Food and beverage
The flight was long enough, however, to sample a good portion of what was on the menu that day.
Shortly after takeoff, the flight attendants came to check on me and take my drink order. I asked for Champagne and was served a glass of 2012 Dom Perignon.
Unfortunately, Emirates was not serving Dom Perignon P2 on this flight (possibly because of high taxes flying to or from Europe), but I had quaffed quite a lot of it on my flight from Bangkok a few days earlier, so I wasn’t too disappointed.
I was also served an amuse bouche of tomato with burrata in a glass and prosciutto over a piece of cantaloupe.
As I mentioned, I actually asked for a wine tasting since … well, why not? The cabin was half-full, the other passengers were doing their own thing, and the flight attendants were only too happy to oblige.
First, I tasted a flight of white wines, which included a luscious Corton Charlemagne Grand Cru Louis Latour from Burgundy and a crisp and bright Pinot Grigio from Jermann in Friuli Venezia Giulia.
The four reds I tried included a berry-forward Cote Rotie from the Rhone Valley in France and a robust Super Tuscan called Oreno from Tenuta Sette Ponti.
I couldn’t skip the dessert wines, so I tried both the nectar-like 2005 Chateau d’Yquem Sauterne and Sandeman’s complex 40-year-old tawny Port. Both were phenomenal.
I skipped a taste of Hennessy Paradis Cognac, which first-class passengers can sample, since I’d had some on my previous flight (and it was even better than advertised).
After tasting (not drinking!) all that wine, I was finally ready for something to eat and, thanks to Emirates’ dine-on-demand service, the flight attendants were ready to comply as soon as I rang my call button.
The menu, which came in a leather-bound folder, included both breakfast and lunch options. Since I’d scarfed down a quick breakfast in the lounge, I chose to start with the signature caviar course, and it was beautifully plated on the airline’s bespoke Royal Doulton bone china with all the fixings.
I skipped the two soup selections, including a lemongrass chicken consomme, as well as the traditional Arabic mezze, and just jumped straight to the appetizer of smoked salmon marinated with grapefruit and thyme and served with horseradish cream and a pipette of herbed oil that you could squeeze onto the fish, which was silky and succulent.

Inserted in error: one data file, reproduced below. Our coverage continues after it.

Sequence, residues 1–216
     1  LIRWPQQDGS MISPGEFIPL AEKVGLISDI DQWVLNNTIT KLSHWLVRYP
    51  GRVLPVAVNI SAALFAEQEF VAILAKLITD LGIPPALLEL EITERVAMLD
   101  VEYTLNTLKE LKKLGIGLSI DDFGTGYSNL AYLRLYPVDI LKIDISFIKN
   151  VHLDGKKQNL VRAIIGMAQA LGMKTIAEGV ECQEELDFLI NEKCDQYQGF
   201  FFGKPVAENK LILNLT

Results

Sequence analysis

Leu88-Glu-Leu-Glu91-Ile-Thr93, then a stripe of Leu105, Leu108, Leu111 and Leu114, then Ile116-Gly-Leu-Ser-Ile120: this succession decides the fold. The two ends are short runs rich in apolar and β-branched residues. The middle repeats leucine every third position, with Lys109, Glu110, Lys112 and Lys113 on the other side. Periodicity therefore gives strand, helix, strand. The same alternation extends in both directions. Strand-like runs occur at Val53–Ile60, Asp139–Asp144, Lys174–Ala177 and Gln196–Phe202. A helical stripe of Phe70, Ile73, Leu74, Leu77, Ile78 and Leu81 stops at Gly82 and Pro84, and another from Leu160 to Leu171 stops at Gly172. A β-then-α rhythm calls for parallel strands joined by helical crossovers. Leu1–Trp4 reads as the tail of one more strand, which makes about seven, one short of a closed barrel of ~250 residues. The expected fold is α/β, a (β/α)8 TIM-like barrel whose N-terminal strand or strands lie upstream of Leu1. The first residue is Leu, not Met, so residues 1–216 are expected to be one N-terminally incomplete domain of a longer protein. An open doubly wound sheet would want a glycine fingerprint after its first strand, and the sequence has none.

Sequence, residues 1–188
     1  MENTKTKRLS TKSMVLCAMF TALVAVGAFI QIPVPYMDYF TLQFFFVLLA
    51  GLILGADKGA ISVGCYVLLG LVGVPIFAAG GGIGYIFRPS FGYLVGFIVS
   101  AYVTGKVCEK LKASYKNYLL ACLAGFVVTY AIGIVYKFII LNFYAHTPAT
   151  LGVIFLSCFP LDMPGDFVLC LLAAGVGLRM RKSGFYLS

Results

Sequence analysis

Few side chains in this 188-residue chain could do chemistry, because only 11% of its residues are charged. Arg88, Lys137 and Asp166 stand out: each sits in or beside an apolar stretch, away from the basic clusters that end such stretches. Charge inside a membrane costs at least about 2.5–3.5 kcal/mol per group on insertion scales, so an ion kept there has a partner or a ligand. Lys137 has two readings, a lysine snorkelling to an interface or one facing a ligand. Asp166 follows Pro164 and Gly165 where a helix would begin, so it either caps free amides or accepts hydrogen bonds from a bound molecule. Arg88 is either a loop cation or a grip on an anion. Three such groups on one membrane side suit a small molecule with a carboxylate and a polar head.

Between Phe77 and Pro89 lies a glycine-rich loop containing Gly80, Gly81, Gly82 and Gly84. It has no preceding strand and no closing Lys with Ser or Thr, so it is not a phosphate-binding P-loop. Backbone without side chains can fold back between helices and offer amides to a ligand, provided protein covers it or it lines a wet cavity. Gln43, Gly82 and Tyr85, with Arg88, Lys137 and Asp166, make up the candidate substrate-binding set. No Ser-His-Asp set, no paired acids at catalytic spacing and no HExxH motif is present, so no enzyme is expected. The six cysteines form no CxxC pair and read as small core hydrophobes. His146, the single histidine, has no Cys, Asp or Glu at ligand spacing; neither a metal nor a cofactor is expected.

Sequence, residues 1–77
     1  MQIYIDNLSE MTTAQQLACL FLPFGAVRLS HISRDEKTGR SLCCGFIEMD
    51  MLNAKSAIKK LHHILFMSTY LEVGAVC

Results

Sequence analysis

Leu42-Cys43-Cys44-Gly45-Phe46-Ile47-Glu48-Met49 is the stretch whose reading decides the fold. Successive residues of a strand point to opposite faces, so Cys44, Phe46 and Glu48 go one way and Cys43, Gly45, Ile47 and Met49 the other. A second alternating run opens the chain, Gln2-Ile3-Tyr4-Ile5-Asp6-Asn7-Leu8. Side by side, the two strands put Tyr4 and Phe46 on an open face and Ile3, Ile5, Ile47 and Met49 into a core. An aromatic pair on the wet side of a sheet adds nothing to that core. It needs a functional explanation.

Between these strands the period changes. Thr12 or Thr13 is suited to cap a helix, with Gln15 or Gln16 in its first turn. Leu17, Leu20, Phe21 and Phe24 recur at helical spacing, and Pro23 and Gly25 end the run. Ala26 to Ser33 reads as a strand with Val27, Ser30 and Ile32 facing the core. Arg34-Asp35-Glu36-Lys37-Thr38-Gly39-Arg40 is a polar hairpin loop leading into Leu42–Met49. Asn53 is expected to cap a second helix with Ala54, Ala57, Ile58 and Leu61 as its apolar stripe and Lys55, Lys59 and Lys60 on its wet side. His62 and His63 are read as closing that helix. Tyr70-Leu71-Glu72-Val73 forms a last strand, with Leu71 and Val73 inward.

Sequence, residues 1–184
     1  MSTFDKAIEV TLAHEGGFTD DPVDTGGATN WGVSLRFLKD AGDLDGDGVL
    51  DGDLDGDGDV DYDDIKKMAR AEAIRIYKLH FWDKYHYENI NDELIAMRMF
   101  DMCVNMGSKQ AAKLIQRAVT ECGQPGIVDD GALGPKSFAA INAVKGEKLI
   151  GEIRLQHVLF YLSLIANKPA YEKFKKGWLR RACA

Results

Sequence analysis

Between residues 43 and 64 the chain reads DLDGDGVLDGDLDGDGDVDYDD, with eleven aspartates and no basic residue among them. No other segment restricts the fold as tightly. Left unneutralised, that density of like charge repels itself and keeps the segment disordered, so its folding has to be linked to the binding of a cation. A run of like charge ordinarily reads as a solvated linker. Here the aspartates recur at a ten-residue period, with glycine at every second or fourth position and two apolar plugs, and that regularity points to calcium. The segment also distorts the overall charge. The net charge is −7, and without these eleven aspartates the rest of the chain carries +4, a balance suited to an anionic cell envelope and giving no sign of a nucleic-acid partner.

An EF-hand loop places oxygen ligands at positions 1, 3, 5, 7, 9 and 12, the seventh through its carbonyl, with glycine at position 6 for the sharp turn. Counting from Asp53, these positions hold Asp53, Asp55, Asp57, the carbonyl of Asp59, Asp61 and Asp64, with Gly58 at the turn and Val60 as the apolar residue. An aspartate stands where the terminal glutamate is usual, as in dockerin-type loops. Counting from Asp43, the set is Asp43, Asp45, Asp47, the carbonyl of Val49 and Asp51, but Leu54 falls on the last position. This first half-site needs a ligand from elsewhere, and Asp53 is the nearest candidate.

In October, when my flight took place, the airline proffered Oktoberfest specialties like a main of braised veal shank and dampfnudel dumplings for dessert.
However, I wanted something lighter, so I ordered the spice-rubbed king prawn machbous served over rice with roasted pine nuts and fried onions. It was very tasty.
To end, I tucked into a slender slice of lemon tart with berries and coconut cream, which was sweet and satisfying.
I didn’t have room for the cheese board, which included wedges of Graindorge Camembert, Montagnolo triple-cream blue cheese and Belton Farm Smoked Red Fox red Leicester, among other options.
Once meal service got underway, I asked for it to proceed at a quick clip, so it only took about 50 minutes from start to finish, which I appreciated.
After the meal, I took a two-hour snooze and had just enough time for a cappuccino with the Emirates logo stenciled in cocoa powder on top of the foam to perk me up before we landed, which was the perfect way to end the flight.
Even after five years of crescendoing anticipation, Emirates’ new first-class suites lived up to and even exceeded my expectations.
While the actual door to the suite was slightly difficult to operate and was beginning to show some signs of wear, it still created an ultra-exclusive vibe.
I wish I’d been able to experience the novelty of video calling the flight attendants, but the upside was more face time and more personalized interactions with them. What’s more, I had an entire second suite in which to stretch out and sleep.
The thoughtful design touches, elegant motifs and finishes, and technological bells and whistles were fabulous in and of themselves.
However, the less-quantifiable elements — the beautifully presented meal, the luxury amenities and, of course, the outstanding but unstuffy service — all combined to marvelous effect.
My only regret is that I couldn’t spend more time on board. Next time, I’ll have to find a longer-haul route on which to enjoy Emirates’ new first-class suites.